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6A QBs: panache vs. poise



Two different styles on display in battle for Minnesota high school football supremacy

Lakeville North quarterback Zach Creighton

Grant Shaeffer during practice Wednesday at Eden Prairie. Photo by Bruce Bisping/Star Tribune bbisping@startribune.com

Expect a quarterback battle of panache vs. poise to figure prominently in the inaugural Class 6A battle Friday for Minnesota high school football supremacy.

Zach Creighton of Lakeville North is the one with flash. The Panthers' best athlete led his team into the finals in his first year as starting quarterback. Look for his passes or runs to be high-risk, game-breaker-type plays, as they have been much of the season.

Grant Shaeffer of Eden Prairie is the steady one. His role is to mostly hand off the ball to stellar running backs, but linemen say his leadership gives the team confidence. His competitiveness is also known to ramp up in big moments, even if he's not compiling gaudy statistics.

The two seniors lead two teams vying for the showcase championship of the Prep Bowl, seven games held Friday and Saturday at the Metrodome.


Trying to catch Zach Creighton is like trying to catch a fly with tweezers.

The Lakeville North senior quarterback is the embodiment of energy when he has the ball in his hands. Impossible escapes, electrifying runs, remarkable throws -- they're all part of Creighton's game.

"I know I'm a high-risk, high-reward kind of player," Creighton admitted. "That's always been the way I've played. I'm just trying to use my abilities to make a play."

In his only year as a starter at quarterback, Creighton has put his stamp on the position -- not a small feat, considering he replaced Trey Heid, who was the Star Tribune Metro Player of the Year in 2011.

Too talented to sit on the bench -- "Easily the best athlete on our team," coach Brian Vossen said earlier this season -- Creighton started at safety in his sophomore and junior seasons and still sees regular playing time on defense.

"I've played quarterback all my life until last year," he said. "I knew Trey was the senior and deserved the reins, but playing quarterback is my love. I was looking forward to my senior year so much."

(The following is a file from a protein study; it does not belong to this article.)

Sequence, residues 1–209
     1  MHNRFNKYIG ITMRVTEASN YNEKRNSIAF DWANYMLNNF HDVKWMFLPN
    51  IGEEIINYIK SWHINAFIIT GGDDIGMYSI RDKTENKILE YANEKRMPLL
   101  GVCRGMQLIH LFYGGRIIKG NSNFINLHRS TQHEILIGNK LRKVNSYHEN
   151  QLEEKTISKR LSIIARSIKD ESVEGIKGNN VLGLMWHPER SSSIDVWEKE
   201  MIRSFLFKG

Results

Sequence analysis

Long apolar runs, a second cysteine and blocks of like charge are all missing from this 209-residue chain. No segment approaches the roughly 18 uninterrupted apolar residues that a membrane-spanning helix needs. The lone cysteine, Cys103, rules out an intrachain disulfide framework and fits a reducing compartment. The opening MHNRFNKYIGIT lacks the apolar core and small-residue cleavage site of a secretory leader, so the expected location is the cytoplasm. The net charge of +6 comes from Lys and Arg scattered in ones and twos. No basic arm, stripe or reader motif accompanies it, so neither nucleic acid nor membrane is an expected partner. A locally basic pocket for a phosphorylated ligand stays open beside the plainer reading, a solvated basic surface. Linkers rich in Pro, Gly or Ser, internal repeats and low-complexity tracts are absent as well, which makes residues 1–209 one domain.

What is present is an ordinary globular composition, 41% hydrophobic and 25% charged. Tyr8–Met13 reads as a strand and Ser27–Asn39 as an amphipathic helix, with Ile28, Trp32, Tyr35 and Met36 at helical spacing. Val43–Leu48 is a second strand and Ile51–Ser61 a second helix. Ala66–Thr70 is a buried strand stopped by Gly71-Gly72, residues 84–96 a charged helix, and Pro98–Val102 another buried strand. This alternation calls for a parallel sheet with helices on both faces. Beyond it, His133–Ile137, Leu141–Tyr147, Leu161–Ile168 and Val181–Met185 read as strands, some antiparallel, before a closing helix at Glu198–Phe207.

He's made the most of his opportunity, passing for nearly 1,500 yards and rushing for more than 800. He was named the South Suburban Conference Offensive Player of the Year.

Creighton knows his Tasmanian Devil-style of play comes with a downside. He threw four interceptions in the Panthers' only loss of the season, 10-6 to Prior Lake.

No matter. His style is not about to change now.

"I think I've earned the coaches' trust and they don't question me, even if I make a mistake," he said. "I consider myself a playmaker, and they've said they never want to take away a playmaker's ability to make plays."


In his football fantasies, Eden Prairie quarterback Grant Shaeffer leads his Eagles to state titles by throwing for substantial yardage and a few touchdowns. After all, what kid grows up hoping to hand off his way to glory?

The idea draws a laugh from Shaeffer. But he takes the less-glamorous role of game manager seriously. Some of the Eagles' past championships were won with the arms of quarterbacks. Defeating Lakeville North on Friday for the Eagles' second consecutive state title and eighth overall will depend on Shaeffer's poise rather than production.

"You've got to have the mindset that you're going to lead the offense and that's the main job out there," Shaeffer said. "You're not going to throw [for] 250 yards and four touchdowns. You know that going in, and you've just got to be a leader out there."

In 10 starts this season, Shaeffer completed 23 of 39 passes for 295 yards, seven touchdowns and three interceptions. His longest pass went for 38 yards. He added 193 yards rushing and five touchdowns.

A defensive back as a sophomore, Shaeffer impressed Eagles coach Mike Grant with his calm yet competitive nature on the basketball court.